Boston Celtics’ Jayson Tatum on Game 4 issues


Boston Celtics' Jayson Tatum on Game 4 issues

BOSTON — Jayson Tatum had an easy solution for the Boston Celtics to bounce back with a Game 5 win of the NBA Finals Monday night — he just needs to play better.

“I mean, I give [the Golden State Warriors] Credit,” Tatum said after Boston’s 107-97 loss to Golden State in Game 4 on Friday night at TD Garden tied the series 2-2. “They are a great team. They play well. They have a game plan, stuff like that.

“But it’s up to me. I have to be better. I know I affect the game in other ways, but I have to be more efficient, shoot the ball better, finish better on the edge.

“I take responsibility for that.”

Tatum hasn’t played the standard he’s set for himself in this series. He shoots 34% from the field, and while he passed the ball beautifully in Boston’s two wins and amassed 22 assists and four turnovers, he has nine assists and 10 turnovers in their two losses.

Tatum, along with the rest of the Celtics, shorted out in the fourth quarter on Friday night and only made two shots in the final seven minutes. This allowed Golden State to end the game on a 21-6 run and turn the score in their favor to level the streak.

“We obviously felt like we put ourselves in a position to win the game,” said Tatum, who was 1-5 in the fourth quarter. “There are many things we would have liked to have done differently, especially on offense. I think we were way too stagnant of everyone in the fourth quarter.”

However, it all starts with Tatum receiving MVP honors in the Eastern Conference Finals and being the face of the Celtics franchise. He was shown as the counterpart to Warriors star Stephen Curry in this series, but on the pitch, Curry was incomparable.

That was certainly the case in Game 4 when Curry had 43 points, 10 rebounds and four assists and dominated every second he was on the court. Tatum’s night, meanwhile, was emblematic of Boston’s poor decision-making for much of the game. He had five turnovers and was a big part of the team’s stagnant offense all the way.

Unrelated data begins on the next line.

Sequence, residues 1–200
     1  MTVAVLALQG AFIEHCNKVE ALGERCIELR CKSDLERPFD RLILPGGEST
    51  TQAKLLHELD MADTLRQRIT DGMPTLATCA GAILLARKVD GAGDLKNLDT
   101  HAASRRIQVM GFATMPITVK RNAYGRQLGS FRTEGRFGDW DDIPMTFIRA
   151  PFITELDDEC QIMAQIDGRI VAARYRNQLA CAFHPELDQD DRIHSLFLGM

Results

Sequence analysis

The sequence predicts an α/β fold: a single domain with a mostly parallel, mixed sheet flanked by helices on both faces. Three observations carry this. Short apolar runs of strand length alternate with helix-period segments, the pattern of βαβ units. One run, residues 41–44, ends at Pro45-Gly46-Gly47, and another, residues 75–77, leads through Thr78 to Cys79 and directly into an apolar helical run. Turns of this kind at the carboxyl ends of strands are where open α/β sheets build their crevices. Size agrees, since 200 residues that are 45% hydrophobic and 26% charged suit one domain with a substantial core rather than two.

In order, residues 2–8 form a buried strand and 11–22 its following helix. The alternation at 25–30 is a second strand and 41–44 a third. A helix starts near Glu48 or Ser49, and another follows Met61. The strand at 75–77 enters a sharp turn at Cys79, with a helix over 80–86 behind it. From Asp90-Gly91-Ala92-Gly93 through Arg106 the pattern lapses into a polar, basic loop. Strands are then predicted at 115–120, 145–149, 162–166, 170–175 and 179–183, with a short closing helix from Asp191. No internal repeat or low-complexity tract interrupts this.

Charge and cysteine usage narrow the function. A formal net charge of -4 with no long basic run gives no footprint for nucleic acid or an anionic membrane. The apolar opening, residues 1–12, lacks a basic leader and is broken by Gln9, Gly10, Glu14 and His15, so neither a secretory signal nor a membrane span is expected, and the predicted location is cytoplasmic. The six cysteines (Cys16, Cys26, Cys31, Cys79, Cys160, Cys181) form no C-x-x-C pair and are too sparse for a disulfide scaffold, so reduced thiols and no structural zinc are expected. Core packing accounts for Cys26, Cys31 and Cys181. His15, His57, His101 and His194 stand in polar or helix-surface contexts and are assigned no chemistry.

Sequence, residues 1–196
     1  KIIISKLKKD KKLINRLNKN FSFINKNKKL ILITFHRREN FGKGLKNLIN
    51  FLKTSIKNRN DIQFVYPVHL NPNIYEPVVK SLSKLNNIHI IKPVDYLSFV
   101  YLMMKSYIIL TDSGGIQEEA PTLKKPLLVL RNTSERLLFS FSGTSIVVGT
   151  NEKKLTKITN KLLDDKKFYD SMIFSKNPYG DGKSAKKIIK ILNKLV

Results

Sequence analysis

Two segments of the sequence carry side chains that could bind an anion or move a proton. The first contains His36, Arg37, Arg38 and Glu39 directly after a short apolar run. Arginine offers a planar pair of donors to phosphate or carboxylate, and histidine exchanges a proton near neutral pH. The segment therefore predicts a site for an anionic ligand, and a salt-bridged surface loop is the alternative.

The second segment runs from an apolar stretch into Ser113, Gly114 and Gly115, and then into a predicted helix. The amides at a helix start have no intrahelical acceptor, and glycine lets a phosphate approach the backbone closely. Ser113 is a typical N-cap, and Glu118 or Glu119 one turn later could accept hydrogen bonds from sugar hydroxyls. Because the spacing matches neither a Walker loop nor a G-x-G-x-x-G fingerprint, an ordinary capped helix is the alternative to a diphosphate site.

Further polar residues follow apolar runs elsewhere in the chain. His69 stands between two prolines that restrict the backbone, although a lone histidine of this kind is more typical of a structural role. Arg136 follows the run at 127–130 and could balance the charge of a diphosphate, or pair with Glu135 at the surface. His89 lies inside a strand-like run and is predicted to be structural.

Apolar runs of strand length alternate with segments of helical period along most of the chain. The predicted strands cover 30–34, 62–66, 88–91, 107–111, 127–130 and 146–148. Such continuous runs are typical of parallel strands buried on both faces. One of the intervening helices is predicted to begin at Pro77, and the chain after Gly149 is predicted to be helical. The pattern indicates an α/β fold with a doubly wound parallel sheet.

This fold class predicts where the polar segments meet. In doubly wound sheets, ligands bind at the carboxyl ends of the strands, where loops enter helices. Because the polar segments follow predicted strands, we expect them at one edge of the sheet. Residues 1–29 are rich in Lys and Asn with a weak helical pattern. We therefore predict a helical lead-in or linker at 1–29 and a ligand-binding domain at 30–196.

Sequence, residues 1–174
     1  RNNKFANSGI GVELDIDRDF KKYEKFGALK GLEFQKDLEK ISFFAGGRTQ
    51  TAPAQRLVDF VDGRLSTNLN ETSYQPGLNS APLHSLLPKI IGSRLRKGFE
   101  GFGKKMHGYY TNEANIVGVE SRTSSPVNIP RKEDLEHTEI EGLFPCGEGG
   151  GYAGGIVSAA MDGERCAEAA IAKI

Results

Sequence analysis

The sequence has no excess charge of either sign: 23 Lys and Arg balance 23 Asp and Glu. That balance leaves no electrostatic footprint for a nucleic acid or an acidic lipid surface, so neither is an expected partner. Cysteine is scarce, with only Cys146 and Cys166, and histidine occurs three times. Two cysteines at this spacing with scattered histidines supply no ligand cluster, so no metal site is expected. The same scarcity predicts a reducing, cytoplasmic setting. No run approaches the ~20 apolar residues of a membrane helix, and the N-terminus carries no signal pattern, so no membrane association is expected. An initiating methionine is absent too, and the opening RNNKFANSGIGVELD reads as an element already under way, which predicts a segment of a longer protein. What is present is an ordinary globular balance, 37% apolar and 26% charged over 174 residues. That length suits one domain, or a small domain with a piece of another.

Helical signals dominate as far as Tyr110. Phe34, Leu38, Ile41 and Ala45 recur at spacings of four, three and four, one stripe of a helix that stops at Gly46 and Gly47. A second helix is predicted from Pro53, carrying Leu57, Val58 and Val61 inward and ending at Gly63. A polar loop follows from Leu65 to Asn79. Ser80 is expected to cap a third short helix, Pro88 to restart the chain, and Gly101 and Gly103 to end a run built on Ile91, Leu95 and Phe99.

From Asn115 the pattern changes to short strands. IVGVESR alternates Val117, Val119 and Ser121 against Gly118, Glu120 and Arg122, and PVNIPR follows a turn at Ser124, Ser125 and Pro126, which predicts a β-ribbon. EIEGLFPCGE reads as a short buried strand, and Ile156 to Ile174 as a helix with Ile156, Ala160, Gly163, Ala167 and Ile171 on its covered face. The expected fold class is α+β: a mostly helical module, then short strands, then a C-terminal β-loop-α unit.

When asked if he was putting too much pressure on himself, Tatum said no and that he just needs to get better.

“I think that’s as easy as it is,” he said. “I just have to get better. I know I can be better, so it’s not like I, myself or my team are asking me to do something I’m not capable of. You know the level and I know the level I can play at.

“It’s up to me to do that more often than not, just to help my team the best I can. It’s not too much pressure at all. It’s like my job.”

When asked what he’s seen of Tatum so far this series, Celtics coach Ime Udoka cited his chasing fouls rather than attempting to complete through contact.

“Sometimes he looks for fouls,” said Udoka. “They are a team that charges in certain games. He finds the outlets. About to shoot two, three guys. That’s the balance between being aggressive and picking your spots and doing what he did in previous games, which was kicked out and getting wide open looks.

“It’s sort of the constant theme. Getting him in the basket, being both a goalscorer and a playmaker. They do a good job with their rotations. Sometimes they chase fouls instead of going to the finish. I’ve seen that in a few games so far.”

What the Celtics need to see going forward is the Tatum who’s consistently featured in big spots earlier in these playoffs, such as his 46-point effort in Milwaukee in Game 6 of the Eastern Conference Semifinals to stave off the elimination against Giannis Antetokounmpo and the defending champion Bucks.

A similar performance in Game 5 in San Francisco on Monday night could give Boston a chance to wrap up that streak in Game 6 in Boston next Thursday.

Tatum said he remains confident he and the Celtics can recover.

“We’re not doing this on purpose,” Tatum said. “I promise you we won’t do that. We try as hard as we can. There are certain things we need to clean up. Obvious ball losses, movement on the offensive. 1? That would have been the best scenario.

“But it’s the final. The art of competition, they came here feeling like they had to win. It was’nt easy. I think that’s kind of the beauty of it, it’s not going to be easy. It should not be .

“We know we both want it and we have to take it.”

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